American aerospace giant Boeing Co. announced on Thursday that it would relocate its headquarters from Chicago to Washington, D.C.
The move will allow Boeing company executives to be closer to key federal government officials.
A major relocation
The company said that it would use its existing campus in Arlington, Virginia, as its new home. There are also plans to develop a research and technology hub in the area, which is just outside Washington D.C.
Boeing CEO David Calhoun explained the decision and how it will benefit the company:
“The region makes strategic sense for our global headquarters given its proximity to our customers and stakeholders, and its access to world-class engineering and technical talent.”
The news was welcomed by Virginia’s governor Glenn Youngkin, who pledged to bring new businesses and jobs to the U.S state:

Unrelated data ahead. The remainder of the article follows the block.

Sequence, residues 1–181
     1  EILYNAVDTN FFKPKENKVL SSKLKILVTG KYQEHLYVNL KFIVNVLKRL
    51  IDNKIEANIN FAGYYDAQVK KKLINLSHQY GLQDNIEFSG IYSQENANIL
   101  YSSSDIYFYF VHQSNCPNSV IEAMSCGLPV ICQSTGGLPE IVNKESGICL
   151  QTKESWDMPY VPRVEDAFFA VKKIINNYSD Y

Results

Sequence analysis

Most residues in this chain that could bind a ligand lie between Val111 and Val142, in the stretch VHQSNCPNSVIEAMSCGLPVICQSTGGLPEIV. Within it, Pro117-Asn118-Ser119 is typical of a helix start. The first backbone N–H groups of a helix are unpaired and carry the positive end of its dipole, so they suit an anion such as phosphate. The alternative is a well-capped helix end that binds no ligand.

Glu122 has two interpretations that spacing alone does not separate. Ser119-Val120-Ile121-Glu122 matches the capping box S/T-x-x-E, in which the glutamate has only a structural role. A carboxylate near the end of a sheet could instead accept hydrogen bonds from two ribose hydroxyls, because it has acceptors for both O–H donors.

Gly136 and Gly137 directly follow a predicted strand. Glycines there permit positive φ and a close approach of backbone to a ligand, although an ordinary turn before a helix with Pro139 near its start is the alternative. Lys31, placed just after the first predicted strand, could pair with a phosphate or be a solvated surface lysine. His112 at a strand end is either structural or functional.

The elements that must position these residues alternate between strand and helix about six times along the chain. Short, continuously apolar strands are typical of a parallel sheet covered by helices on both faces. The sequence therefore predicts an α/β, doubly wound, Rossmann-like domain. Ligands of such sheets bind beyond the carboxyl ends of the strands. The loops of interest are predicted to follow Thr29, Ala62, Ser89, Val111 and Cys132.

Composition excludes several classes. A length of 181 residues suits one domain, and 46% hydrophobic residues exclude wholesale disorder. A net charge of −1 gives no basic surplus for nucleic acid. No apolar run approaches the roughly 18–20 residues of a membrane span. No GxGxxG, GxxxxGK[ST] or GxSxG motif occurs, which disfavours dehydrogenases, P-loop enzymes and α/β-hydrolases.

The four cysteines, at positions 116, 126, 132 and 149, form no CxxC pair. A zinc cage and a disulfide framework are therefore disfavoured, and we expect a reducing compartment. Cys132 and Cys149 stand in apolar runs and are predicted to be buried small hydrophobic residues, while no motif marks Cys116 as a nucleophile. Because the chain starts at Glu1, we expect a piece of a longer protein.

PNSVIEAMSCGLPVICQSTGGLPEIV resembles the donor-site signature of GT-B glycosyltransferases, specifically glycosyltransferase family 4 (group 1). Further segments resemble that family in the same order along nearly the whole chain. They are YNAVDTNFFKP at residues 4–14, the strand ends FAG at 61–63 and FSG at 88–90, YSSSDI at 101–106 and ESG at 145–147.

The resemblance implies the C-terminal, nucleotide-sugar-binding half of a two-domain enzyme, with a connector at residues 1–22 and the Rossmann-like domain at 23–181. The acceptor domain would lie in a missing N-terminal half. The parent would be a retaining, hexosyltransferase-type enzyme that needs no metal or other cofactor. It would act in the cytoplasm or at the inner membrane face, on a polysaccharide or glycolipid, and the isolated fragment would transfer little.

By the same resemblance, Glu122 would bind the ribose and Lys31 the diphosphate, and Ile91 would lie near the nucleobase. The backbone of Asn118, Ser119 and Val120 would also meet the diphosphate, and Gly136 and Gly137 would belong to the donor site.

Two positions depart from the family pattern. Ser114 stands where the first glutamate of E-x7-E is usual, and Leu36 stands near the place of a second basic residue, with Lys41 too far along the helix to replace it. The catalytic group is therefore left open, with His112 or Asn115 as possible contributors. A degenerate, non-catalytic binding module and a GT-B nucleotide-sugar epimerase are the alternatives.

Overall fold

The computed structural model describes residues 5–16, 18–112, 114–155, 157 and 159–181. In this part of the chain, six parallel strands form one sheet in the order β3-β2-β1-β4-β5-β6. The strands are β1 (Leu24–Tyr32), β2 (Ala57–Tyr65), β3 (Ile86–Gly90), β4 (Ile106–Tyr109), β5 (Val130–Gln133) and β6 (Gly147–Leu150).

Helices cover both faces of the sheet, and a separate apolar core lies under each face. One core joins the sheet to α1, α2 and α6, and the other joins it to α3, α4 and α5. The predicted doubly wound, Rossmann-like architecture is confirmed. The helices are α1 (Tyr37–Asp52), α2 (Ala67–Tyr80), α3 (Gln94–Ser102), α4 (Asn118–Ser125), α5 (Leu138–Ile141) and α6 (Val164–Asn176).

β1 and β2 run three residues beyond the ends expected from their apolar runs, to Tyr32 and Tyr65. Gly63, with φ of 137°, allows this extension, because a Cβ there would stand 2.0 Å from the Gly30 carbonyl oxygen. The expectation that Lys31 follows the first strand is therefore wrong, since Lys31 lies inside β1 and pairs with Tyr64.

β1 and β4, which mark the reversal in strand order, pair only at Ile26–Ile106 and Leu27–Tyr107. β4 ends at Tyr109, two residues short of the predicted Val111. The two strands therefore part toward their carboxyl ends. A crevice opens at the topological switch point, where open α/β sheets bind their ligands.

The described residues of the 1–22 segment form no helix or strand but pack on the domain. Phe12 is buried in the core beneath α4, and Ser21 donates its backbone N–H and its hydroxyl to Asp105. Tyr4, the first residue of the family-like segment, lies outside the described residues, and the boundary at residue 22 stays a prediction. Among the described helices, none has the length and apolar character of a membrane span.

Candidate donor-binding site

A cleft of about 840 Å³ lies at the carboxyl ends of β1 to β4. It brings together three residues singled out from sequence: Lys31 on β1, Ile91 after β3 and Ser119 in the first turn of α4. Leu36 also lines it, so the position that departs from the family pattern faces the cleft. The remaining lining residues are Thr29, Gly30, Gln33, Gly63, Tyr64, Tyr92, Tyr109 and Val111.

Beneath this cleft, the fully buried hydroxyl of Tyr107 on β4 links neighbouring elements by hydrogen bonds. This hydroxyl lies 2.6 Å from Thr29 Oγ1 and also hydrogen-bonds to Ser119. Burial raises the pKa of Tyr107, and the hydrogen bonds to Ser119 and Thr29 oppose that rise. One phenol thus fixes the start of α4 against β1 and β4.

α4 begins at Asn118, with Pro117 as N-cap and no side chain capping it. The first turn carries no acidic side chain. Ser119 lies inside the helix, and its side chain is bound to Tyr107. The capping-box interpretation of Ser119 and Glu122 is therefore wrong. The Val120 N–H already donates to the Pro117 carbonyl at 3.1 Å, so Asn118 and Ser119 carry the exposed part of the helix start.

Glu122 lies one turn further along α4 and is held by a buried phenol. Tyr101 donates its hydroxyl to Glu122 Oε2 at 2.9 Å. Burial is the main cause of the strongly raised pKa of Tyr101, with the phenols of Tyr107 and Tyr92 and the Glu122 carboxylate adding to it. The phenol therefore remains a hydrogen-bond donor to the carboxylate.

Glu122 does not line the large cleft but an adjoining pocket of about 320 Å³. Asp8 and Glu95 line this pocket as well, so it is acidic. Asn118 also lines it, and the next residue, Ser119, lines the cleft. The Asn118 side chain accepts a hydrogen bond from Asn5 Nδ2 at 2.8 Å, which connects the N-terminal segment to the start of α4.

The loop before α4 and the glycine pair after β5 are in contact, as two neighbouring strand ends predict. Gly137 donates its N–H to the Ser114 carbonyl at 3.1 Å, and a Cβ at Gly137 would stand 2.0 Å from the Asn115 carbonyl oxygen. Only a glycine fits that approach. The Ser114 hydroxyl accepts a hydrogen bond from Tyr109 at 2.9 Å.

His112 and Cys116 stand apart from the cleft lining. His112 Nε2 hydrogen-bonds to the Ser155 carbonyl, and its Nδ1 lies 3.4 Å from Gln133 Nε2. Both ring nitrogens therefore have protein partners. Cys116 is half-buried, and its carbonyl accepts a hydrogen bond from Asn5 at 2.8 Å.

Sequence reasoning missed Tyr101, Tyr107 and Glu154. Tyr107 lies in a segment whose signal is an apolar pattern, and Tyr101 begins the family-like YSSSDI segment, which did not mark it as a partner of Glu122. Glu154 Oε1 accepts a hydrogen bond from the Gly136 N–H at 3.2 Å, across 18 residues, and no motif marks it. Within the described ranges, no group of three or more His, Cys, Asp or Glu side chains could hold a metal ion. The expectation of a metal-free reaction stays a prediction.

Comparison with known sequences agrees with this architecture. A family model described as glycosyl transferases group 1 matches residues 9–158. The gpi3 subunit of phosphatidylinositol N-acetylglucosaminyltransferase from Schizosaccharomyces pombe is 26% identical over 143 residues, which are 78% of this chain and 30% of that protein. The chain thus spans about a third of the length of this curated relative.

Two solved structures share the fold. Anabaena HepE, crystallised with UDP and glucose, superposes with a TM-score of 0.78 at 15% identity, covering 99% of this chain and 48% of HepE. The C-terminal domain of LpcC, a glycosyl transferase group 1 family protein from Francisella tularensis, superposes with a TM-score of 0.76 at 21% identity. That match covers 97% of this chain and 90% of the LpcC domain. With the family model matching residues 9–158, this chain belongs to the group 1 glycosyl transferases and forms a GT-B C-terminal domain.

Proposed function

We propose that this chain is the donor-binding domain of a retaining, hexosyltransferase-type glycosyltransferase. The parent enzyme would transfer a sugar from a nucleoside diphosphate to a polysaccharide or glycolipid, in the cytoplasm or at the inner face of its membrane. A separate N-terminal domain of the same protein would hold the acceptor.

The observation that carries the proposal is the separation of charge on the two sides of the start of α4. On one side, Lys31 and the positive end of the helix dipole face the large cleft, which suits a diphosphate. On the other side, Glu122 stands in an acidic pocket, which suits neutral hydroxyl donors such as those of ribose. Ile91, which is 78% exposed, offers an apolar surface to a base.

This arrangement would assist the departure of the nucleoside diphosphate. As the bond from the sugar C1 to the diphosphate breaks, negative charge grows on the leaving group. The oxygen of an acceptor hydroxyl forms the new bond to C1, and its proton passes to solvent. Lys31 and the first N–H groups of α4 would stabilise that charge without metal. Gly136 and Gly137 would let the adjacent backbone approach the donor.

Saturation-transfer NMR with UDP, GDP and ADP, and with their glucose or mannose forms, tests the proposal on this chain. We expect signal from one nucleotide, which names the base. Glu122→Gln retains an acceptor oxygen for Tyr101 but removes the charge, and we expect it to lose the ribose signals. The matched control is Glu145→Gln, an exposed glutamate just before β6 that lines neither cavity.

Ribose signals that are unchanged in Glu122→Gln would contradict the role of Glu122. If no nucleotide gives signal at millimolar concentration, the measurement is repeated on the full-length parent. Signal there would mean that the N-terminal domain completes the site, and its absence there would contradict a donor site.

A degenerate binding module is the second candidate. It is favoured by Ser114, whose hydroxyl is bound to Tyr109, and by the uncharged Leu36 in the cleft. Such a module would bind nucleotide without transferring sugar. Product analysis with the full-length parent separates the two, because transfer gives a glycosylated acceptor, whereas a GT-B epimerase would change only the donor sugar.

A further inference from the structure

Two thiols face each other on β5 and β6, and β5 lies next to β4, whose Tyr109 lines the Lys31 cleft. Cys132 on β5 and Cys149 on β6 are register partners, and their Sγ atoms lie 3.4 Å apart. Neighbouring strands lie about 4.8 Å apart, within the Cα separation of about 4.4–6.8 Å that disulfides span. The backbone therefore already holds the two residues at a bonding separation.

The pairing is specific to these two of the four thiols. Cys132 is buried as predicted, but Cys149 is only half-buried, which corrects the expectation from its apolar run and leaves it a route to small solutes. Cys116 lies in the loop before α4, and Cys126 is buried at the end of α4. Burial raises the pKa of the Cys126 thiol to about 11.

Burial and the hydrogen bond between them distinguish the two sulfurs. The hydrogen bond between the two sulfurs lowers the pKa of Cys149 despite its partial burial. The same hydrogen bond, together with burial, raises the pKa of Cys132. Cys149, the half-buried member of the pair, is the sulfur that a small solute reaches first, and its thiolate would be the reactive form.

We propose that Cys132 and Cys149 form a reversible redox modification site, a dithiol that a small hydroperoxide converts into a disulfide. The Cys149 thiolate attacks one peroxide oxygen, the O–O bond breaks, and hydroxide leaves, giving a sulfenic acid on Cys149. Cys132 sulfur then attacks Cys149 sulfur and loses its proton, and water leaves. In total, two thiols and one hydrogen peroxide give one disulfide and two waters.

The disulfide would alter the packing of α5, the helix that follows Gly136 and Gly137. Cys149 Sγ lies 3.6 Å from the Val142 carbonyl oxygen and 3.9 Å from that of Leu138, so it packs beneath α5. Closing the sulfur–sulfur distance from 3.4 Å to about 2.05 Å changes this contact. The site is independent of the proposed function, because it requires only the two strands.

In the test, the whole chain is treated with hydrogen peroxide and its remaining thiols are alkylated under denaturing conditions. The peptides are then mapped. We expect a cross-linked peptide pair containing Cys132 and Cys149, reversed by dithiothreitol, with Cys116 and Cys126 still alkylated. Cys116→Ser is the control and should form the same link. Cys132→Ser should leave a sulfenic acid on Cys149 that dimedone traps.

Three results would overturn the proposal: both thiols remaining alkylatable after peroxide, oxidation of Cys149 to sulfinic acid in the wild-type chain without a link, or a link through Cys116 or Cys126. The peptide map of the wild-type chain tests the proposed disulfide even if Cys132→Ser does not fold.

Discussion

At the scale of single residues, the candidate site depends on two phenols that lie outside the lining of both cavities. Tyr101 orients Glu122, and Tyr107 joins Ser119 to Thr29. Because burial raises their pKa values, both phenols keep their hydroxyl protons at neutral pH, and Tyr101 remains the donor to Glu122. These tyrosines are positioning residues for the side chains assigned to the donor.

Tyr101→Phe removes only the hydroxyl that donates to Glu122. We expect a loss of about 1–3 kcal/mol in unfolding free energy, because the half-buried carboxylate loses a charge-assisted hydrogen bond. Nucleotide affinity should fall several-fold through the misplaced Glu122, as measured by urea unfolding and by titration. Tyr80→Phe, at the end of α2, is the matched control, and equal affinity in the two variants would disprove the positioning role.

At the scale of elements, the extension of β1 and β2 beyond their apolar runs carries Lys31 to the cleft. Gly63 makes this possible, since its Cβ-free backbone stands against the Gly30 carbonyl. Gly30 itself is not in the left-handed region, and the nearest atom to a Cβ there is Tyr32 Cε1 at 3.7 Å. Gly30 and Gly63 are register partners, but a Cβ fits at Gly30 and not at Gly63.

“I look forward to working with Boeing to attract even more talent to Virginia especially given its reputation for engineering excellence.”
Boeing also serves as a major defence contractor, so the move will put company executives close to Pentagon leaders. It bridges the inconvenience that comes with a locational gap. It also helps Boeing compete with company rivals as many of them are already based in the D.C area.
Moving to Virginia also puts company executives closer to the U.S aviation authority – the Federal Aviation Administration (FAA). This is important as Boeing passenger and cargo planes are certified by the FAA, as are all U.S-made aircraft. It could also serve to heal the strained relationship between Boeing and the FAA after several deadly crashes of Boeing’s 737 Max in 2018 and 2019 due to a catastrophic sensor flaw.
As a result (or at least one reason why), the FAA took nearly two years to approve design changes for the 737 Max to get it back in the air. Approving new Boeing aircraft will likely take longer too.
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